The Yellow Birds by Kevin Powers 
submitted by Rob

“...the war came to me in my dreams and showed me its sole purpose: to go on, only to go on.” - Private John Bartle, Narrator, The Yellow Birds

According to New York Times journalist Chris Hedges and author of What Every Person Should Know About War (2003), there have been a mere 268 years of peace in the roughly 3,400 years of recorded human history, a trend that gives no indication of ending any time soon, if ever. Even if Mr. Hedges’ calculation is somewhat inaccurate, it is clear that the specter of war has shadowed the world for as long as the human has been walking.

The United States as a nation finds itself today in the state of war, something that can all too easily be forgotten in the hectic modern life that civilians lead – there are bills to be paid, careers to be lead, children to rear, etc. This, however, is not the case for either veterans or active duty personnel, as Kevin Powers illustrates in his 2012 debut novel, The Yellow Birds; Mr. Powers served in Iraq with the U.S. Army in 2004 and 2005.

I am a civilian and have never served in any department of the armed services, and I, too, find myself forgetting, at times, that there are Americans who are fighting abroad, but regardless of whether one supports or opposes the war that is being fought, people are dying, and I believe it important to listen to the stories of those involved, and fiction is a powerful means by which these tales can be conveyed.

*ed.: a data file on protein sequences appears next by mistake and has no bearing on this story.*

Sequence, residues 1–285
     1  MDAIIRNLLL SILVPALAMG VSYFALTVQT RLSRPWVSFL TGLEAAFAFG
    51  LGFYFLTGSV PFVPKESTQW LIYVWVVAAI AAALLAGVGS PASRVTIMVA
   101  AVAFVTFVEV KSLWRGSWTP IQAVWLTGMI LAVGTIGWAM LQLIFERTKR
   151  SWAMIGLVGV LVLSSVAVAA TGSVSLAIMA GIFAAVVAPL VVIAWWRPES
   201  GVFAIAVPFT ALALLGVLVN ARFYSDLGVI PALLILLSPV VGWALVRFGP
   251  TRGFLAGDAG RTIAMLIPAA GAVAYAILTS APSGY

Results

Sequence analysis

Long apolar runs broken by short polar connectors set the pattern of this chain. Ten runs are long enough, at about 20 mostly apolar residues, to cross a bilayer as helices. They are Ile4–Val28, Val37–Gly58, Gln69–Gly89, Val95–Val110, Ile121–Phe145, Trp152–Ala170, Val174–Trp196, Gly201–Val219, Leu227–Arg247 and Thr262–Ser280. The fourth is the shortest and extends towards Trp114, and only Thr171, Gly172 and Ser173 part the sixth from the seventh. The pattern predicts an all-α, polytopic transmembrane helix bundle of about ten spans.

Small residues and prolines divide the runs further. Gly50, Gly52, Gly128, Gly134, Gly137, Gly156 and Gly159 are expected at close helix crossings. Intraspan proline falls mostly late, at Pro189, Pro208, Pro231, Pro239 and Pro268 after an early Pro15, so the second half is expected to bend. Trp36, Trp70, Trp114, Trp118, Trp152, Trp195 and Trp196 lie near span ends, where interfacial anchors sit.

While the characters and plot of The Yellow Birds are fictitious, the story that unfolds is both believable and moving. Mr. Powers pens impressive prose that provides the reader with a glimpse of what combat in Iraq was like for the American soldier in the mid-2000's and the effects that this can have on the individual long after he or she has returned home.
“To say what happened, the mere facts, the disposition of events in time, would come to seem like a kind of treachery. The dominoes of moments, lined up symmetrically, then tumbling backward against the hazy and unsure push of cause, showed only that a fall is every object's destiny. It is not enough to say what happened. Everything happened. Everything fell.” - Private John Bartle, Narrator, The Yellow Birds

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